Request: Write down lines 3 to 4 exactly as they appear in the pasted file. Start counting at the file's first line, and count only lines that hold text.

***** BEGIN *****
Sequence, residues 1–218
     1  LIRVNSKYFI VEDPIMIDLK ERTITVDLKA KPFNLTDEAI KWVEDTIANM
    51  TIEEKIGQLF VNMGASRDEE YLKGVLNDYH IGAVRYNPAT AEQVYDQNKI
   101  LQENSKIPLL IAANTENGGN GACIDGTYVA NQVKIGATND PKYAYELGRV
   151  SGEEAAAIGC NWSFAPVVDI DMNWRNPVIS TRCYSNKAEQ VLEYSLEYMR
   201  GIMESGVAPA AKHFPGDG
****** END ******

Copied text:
    51  TIEEKIGQLF VNMGASRDEE YLKGVLNDYH IGAVRYNPAT AEQVYDQNKI
   101  LQENSKIPLL IAANTENGGN GACIDGTYVA NQVKIGATND PKYAYELGRV